064_G19_InFocus_Botawana

Global

In Focus Botswana gemstone diamond industry ever since. Botswana is a deeply conservative country. The very harsh environmental conditions under which most people lived prior to the discovery of diamonds has inculcated caution in the very genes of the people. The same word is used to describe rain, water and money – pula. There is no tolerance for waste or profl igacy. The group is everything and individuals must blend in or be ostracised. Discussions and debates are designed to produce consensus, not confrontation. One of Botswana’s strongest institutions is the Kgotla, which stands for the full spectrum of discussion and consensus forming. It is present at the basic village level, the powerful chieftaincy level and right up to parliament. The objective is to give all involved parties the right to express their views. The chiefs, it is said, should not utter a word until all have spoken. While this system produces homogeneity and stability, it rubs against modern democratic practice and can be ossifying. It can also perpetuate power within certain groups. One of the major criticisms of the current system is that power resides within the Setswana-speaking peoples. These comprise eight tribes who speak mutually intelligible dialects and share similar cultures and histories. These eight tribes, which form around 20 per cent of the population, were ‘recognised’ by the British colonial government who ruled indirectly through them, conferring privileges, especially over land ownership. There have been attempts to give similar recognition to the other tribes but progress has been slow. The DBP has won every election held so far and dominated the 57-seat national assembly. There is a second, 35 member, chamber, the Ntio ya Dikgosi (House of Chiefs) which is an advisory body, counselling especially on matters relating to customary law, property rights and customary courts. The President is not directly elected but nominated by the winning party. Since 1965 Botswana has been the continent’s longest continuous multi-party democracy. According to Transparency International, it is relatively free of corruption. Elections, which have been held regularly and on schedule every fi ve years, have been generally declared free and fair by outside observers, although there have been periodic cries of foul play from opposition groups. At the time of going to press, there were nine political parties, of which the Botswana National Front (BNF) and the Botswana Congress Party are the strongest. But chronic infi ghting among the opposition parties has left them unable to mount a serious challenge to the BDP. However, matters took a dramatic turn in 2004 when President Festus Mogae stepped down at the end of his ten-year term and handed over power to the Vice- President, Ian Khama, in 2008. Khama duly began his fi rst full term following elections a short while later, but his arrival caused the biggest disruption in the history of the ruling party. He had called for ‘discipline, dedication and determination’ but now senior party members were accusing him of ‘ruling the party with an iron fi st’ and displaying ‘dictatorial tendencies’. They split away and formed the Botswana Movement for Democracy (BMD). He was accused of ignoring the Botswana tradition of Kgotla. To make matters worse for him, large sections of the civil service, including teachers, went on a series of strikes over pay. Khama dug his heels in and refused to budge. Meanwhile, the opposition Botswana National Front (BNF), Botswana Congress Party (BCP) and Botswana Peoples Party (BPP) agreed to join the BMD to form a united front to fi ght the BDP. But shortly after, the alliance collapsed with BCP opting to go it alone. The BMD, BNF and BPP then formed and registered a joint party, the Umbrella for Democratic Change (UDC), but without the BCP within their ranks, their chances of beating the BDP have become very slim. To add to their troubles, in late July, Gomolemo Motswaledi, the leader of the BMD and deputy president of the UDC, was killed in a car accident. four 64 l www.global -br ief ing.org th quar ter 2014 global  Since 1965 Botswana has been the continent’s longest continuous multi-party democracy. Transparency International believes it is relatively free of corruption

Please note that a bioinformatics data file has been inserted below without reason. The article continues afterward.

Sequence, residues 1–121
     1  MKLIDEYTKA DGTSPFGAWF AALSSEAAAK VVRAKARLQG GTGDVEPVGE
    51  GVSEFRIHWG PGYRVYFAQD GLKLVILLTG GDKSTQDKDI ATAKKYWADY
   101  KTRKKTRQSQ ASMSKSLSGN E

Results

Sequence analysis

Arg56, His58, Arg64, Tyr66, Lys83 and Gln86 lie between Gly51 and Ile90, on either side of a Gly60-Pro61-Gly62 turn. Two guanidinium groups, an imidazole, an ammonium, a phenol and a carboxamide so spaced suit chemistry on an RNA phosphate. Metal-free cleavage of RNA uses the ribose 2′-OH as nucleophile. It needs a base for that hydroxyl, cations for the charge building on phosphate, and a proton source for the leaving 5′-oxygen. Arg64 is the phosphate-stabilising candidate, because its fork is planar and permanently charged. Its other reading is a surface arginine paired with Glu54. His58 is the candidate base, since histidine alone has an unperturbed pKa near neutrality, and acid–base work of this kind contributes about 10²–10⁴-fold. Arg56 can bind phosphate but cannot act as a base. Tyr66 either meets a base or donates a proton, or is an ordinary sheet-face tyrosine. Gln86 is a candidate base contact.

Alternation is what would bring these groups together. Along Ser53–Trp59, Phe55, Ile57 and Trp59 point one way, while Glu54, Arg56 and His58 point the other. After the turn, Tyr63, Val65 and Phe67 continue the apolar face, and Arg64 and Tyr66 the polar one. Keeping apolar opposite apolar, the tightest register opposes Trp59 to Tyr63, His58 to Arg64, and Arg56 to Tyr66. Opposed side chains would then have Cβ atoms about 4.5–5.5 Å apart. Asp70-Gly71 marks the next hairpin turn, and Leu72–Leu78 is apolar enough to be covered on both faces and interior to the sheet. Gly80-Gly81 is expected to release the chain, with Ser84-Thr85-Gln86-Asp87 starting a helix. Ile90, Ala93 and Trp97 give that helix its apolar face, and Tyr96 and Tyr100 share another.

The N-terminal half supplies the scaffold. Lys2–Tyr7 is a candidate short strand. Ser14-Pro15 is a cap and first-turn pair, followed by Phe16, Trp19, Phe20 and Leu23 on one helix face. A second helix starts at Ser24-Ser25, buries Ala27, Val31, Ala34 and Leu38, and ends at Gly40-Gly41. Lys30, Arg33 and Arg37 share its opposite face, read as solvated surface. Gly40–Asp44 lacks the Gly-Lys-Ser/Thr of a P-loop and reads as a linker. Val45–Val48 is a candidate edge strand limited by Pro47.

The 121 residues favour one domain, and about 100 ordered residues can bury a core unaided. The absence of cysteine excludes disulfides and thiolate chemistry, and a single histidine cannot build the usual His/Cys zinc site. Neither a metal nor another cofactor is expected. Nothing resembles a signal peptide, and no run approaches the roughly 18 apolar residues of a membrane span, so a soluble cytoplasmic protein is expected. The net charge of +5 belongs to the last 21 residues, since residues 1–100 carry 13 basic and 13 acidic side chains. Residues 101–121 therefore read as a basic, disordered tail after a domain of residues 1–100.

Global
To see the actual publication please follow the link above